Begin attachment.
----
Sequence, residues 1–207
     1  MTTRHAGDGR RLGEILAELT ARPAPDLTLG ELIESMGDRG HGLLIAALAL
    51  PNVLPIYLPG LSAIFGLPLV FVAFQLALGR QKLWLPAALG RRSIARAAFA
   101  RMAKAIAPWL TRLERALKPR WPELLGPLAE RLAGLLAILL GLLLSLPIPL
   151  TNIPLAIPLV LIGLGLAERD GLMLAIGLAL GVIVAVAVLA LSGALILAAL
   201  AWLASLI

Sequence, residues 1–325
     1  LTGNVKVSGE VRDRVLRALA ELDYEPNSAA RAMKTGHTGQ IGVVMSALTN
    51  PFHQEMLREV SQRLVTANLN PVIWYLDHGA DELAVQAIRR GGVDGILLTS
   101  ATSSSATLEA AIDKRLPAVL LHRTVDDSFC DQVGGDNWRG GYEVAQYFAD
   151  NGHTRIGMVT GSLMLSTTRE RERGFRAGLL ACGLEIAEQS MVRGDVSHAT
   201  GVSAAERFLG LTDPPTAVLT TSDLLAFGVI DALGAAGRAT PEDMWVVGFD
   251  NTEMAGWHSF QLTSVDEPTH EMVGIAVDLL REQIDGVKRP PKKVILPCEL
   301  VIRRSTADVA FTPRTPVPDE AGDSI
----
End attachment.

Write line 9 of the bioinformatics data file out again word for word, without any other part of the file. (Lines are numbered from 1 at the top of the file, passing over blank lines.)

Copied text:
    51  PFHQEMLREV SQRLVTANLN PVIWYLDHGA DELAVQAIRR GGVDGILLTS